And I think if you're going to be a geriatric ED level one, which is the highest level, you really need that because we're tracking a lot of things. I'm tracking Foley catheter use, we're tracking restraints, which we don't want to do. Right? Delirium. So, all of that goes into our dashboard. Still working on it. It's a work in progress, like all dashboards. Right? As we get more fast I'll with it. But I think it's been a big, big help for us managing this. And then, knowing that, we can start to look at our processes, whether it's the admission rates or transfer rates, direct to SNF programs, and we can really get, I think, a better handle on that.

Akhil Saklecha, MD:
If I just maybe double click on what you just said, it seems to me that the metrics that you're doing, and while you're tweaking them, they can make a meaningful difference, I think, on the population size of what we're doing, but also individually. Are there any anecdotes or stories that you're aware of on an individual basis where you think the implementation of the geriatric ER made a difference?

Stephen Meldon, MD:
That's great. And actually, we like to share those stories with our staff because I think stories resonate, and I think you're absolutely right on. I mean, yes, we're making a difference on a population base. We've seen that when we look at admission rates out of the GCU. They're significantly lower than just if you're placed in the CDU and did not see the geriatrician. But the individual ones, for example, maybe getting appropriate home health services that keeps the patient out of the hospital. Because really, what's the goal? It's healthy, successful aging. Right? And how can we do that? Avoid unnecessary admissions. Right? We've done a lot of things where we've adjusted medications.

The most recent case I can think of, we had an older patient on two beta blockers because this [inaudible 00:29:13] American medicine causes things like that, and they come in with syncope. What a shock. Right? So, we really changed the medications, put that then in the EMR because that's important to carry that forward so we have a system to do that to do a true medication reconciliation, and get that person back home and really decrease the risk of subsequent falls. Right? So, there's a good example of Dr. Saxena looking through this and going, "Wait a second, this doesn't make any sense." And that's the kind of things I think we need to do.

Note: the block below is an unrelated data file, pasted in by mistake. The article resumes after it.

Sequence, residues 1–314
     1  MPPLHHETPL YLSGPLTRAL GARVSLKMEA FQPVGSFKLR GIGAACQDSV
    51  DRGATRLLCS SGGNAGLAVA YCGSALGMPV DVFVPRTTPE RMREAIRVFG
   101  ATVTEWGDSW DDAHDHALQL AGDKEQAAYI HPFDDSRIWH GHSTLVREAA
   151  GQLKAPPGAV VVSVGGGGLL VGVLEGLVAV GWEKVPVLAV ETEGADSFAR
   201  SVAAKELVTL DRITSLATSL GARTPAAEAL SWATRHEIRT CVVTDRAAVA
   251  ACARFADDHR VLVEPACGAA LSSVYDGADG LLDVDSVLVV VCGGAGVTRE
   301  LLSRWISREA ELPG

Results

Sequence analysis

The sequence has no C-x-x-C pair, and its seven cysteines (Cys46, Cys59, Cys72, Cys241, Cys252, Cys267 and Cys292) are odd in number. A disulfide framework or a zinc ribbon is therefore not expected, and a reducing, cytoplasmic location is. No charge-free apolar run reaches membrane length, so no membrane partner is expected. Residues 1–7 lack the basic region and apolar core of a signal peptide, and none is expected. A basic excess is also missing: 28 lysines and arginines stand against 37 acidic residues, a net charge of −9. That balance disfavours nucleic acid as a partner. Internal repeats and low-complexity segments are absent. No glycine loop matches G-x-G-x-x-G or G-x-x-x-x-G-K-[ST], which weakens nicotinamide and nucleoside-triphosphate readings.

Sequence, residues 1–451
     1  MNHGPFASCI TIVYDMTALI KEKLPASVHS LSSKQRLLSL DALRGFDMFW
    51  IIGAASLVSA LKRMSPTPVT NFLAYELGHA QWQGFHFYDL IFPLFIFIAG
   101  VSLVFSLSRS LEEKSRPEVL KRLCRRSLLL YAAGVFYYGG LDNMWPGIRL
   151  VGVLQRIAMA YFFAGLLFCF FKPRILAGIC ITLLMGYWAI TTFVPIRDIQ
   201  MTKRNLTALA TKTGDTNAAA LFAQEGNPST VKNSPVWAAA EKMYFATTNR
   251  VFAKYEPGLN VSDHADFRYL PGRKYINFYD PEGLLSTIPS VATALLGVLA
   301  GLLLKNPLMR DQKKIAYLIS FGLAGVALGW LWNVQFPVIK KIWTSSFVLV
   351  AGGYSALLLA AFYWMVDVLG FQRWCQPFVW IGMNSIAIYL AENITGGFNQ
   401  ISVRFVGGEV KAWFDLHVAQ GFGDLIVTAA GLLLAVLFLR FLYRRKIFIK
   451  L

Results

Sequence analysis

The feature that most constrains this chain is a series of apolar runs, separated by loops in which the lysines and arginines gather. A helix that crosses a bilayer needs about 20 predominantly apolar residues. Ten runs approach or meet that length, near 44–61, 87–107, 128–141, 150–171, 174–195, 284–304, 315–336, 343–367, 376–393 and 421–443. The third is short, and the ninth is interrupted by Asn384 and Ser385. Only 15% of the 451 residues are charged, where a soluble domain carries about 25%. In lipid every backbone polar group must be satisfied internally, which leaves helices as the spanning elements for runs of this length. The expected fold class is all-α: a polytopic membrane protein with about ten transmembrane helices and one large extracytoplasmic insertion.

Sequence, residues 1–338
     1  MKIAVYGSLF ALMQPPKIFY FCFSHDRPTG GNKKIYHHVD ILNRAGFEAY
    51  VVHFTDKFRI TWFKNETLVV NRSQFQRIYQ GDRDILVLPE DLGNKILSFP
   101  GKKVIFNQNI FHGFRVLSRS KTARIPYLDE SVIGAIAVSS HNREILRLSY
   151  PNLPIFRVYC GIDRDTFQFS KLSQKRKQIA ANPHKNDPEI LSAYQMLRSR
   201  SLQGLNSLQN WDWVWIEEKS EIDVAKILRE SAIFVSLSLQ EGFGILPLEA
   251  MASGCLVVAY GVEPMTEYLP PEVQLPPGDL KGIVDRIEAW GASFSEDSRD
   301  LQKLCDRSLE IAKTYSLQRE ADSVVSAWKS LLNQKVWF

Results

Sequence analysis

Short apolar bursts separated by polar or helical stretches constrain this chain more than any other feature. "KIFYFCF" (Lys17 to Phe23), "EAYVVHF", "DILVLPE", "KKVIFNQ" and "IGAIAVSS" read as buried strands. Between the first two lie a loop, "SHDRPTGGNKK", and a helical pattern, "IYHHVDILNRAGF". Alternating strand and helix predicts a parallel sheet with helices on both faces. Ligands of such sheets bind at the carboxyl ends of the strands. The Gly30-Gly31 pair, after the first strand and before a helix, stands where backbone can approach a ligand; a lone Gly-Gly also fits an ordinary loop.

William Morris, MD:
So, I mean, that's a great example. It's the positive reinforcement of doing the right thing, but that sometimes doesn't always drive behavior, and I'm curious on the stick side. We see HEDIS measures and quality measures that were required in the ambulatory space, do you imagine some of these scores and work being something that actually you would advocate for policy change for public reporting on delirium screening, poly-pharmacy management? What are your thoughts on just not only building a great program, but also driving requirements, public reporting, legislation, if you will, or payment parity around these things to really affect change?

Stephen Meldon, MD:
So, this is the hard question part, right? No, that's a great question. I don't think we're there yet, and here's why. These programs are really still in the infancy. This geriatric accreditation program really started just a couple of years ago. I think as you build out those capabilities, I think then you start to address, "Hey, where else can we do this?" So, for example, I think we already do some of this, right? We look at CAUTIs, catheter-associated urinary tract infections. What's that done? It's driven the decrease in Foley catheter use. We used to throw Foley catheters in everyone. Why? For convenience. That's the wrong answer. Right?